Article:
As marketers or small business owners, there is no better vision for our future than amassing a large number of loyal customers.
Strong brands used to rely on those brands to reach customers. Brands stood for something. They signaled to customers the kind of quality and service they could expect. They helped well-established companies fend off smaller rivals, because customers were more likely to go with brands they knew and liked versus taking a chance and trying something new.
Newsflash: that’s not the case anymore
Over the last five years, all indicators point to the fact that brand loyalty is in decline. Consumers are more likely than ever before to shop around, looking for the best value instead of choosing and sticking with a particular brand.
Why is this happening?
Theories abound on why there is such a strong decline in brand loyalty among consumers. I’ve managed to find three lines of thinking that combine to account for this on the aggregate:
- Consumers have more power than they used to. In our digital world, transparency is key. The ability to shop around is greater than it used to be. There is an endless amount of information out there for the savvy consumer, and they’re using to ensure they make the best possible purchasing decisions.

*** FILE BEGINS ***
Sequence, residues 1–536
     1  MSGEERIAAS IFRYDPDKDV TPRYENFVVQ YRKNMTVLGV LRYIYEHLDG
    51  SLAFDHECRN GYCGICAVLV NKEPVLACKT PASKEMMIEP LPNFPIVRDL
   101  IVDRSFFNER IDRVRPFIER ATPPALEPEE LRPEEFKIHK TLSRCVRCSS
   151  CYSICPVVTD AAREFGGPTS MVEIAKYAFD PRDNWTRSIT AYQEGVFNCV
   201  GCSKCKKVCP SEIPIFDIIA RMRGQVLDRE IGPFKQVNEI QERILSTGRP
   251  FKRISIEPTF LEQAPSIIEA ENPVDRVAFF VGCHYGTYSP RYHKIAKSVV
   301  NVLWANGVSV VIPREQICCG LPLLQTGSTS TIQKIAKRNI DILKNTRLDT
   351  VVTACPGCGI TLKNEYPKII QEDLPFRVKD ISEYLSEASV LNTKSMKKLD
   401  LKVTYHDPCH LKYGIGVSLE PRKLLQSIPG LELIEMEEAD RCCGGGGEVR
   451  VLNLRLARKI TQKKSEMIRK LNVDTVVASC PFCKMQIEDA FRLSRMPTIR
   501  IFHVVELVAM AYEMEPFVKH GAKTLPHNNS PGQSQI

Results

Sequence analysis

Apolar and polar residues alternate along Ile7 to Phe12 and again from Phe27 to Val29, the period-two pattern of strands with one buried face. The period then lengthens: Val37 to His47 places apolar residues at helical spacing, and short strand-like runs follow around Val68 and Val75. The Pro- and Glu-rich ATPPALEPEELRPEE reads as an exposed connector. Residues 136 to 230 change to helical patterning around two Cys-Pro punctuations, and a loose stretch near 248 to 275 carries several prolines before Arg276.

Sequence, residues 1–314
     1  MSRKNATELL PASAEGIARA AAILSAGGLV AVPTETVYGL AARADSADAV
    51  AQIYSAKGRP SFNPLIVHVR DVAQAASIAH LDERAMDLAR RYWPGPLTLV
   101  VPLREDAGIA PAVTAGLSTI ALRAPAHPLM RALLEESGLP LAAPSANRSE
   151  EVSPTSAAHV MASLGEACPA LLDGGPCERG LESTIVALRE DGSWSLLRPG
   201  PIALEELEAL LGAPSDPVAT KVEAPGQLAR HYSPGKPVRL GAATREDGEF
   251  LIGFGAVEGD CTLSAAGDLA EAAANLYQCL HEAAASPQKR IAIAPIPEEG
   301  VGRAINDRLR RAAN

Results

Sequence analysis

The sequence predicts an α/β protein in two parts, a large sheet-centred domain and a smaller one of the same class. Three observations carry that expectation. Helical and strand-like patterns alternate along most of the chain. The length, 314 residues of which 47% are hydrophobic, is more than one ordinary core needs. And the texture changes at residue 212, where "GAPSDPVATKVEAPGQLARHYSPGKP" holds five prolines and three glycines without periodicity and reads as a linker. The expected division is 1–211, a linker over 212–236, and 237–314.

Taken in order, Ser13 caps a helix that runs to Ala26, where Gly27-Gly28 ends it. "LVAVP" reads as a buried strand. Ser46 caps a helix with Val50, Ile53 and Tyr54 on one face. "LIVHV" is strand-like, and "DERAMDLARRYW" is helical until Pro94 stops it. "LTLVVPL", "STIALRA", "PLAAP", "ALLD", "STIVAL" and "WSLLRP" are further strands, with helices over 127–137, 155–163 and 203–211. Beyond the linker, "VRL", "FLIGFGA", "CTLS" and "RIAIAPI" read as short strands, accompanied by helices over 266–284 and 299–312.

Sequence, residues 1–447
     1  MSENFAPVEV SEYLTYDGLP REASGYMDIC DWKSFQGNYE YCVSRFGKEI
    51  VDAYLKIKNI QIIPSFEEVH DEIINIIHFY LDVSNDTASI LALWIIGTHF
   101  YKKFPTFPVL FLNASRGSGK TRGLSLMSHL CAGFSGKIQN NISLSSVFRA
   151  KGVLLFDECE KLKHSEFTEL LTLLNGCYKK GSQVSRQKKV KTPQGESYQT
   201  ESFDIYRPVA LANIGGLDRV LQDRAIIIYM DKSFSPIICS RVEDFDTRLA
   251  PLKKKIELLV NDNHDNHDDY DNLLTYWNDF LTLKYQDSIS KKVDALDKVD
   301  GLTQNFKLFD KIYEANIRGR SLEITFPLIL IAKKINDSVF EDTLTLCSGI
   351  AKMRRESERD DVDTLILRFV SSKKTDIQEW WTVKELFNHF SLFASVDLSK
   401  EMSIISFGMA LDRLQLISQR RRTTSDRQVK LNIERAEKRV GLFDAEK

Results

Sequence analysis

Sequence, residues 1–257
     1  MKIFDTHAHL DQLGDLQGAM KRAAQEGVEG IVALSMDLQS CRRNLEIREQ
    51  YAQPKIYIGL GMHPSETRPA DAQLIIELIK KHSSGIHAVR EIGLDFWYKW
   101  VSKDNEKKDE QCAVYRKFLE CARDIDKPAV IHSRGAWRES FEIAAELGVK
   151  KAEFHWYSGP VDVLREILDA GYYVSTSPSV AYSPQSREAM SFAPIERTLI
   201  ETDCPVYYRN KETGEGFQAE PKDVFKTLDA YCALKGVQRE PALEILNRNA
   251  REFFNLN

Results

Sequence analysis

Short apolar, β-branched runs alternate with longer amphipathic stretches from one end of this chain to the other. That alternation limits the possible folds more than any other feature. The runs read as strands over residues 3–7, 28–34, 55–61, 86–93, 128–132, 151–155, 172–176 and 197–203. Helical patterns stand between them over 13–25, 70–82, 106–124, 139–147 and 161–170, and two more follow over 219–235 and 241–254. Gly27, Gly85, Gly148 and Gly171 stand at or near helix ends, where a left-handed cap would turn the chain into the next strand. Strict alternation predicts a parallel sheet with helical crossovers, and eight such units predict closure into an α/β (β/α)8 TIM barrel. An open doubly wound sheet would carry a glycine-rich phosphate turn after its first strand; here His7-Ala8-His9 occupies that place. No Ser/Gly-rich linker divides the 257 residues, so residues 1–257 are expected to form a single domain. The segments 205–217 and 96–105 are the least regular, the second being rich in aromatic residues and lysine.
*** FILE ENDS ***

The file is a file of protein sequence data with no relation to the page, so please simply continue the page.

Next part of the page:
- Companies have eroded trust in the marketplace. It’s no surprise that this recent decline coincides with the recent financial crisis. Large companies in a wide variety of industries have been the perpetrators of great injustices against the public, their customers among them. Why would consumers feel loyalty to specific brands when they don’t feel that same loyalty in exchange.
- The pace of technology puts more pressure on companies to change and evolve. Customers have higher expectations, partially due to the proliferation of technology impacting all facets of their daily lives. Companies that move too slowly let competitors take the lead and risk losing once-loyal customers in the process.
What does it mean?
Loyalty is a two-way street. No longer is it effective or acceptable for companies to spend massive amounts of money on branding, with the hope of adding new customers who plan to stay for life. It just isn’t happening.
Companies need to change the way they think about their brand. They need to change the way they think about their marketing. And they need to change the way that they think about engaging with customers.
It’s not enough anymore to publicly claim that you “put customers first”. You actually have to do it.
That change comes from the top down. It involves a shift in culture that focuses on delivering unmatched customer experiences, in sales, in service, in product design, etc.
Maybe we can’t count on brands ever being as trusted as they once were, or on consumers to ever be as loyal as they once were. But the very best companies, the ones with the biggest upside in this shifting landscape, are those that truly act in the best interest of the marketplace.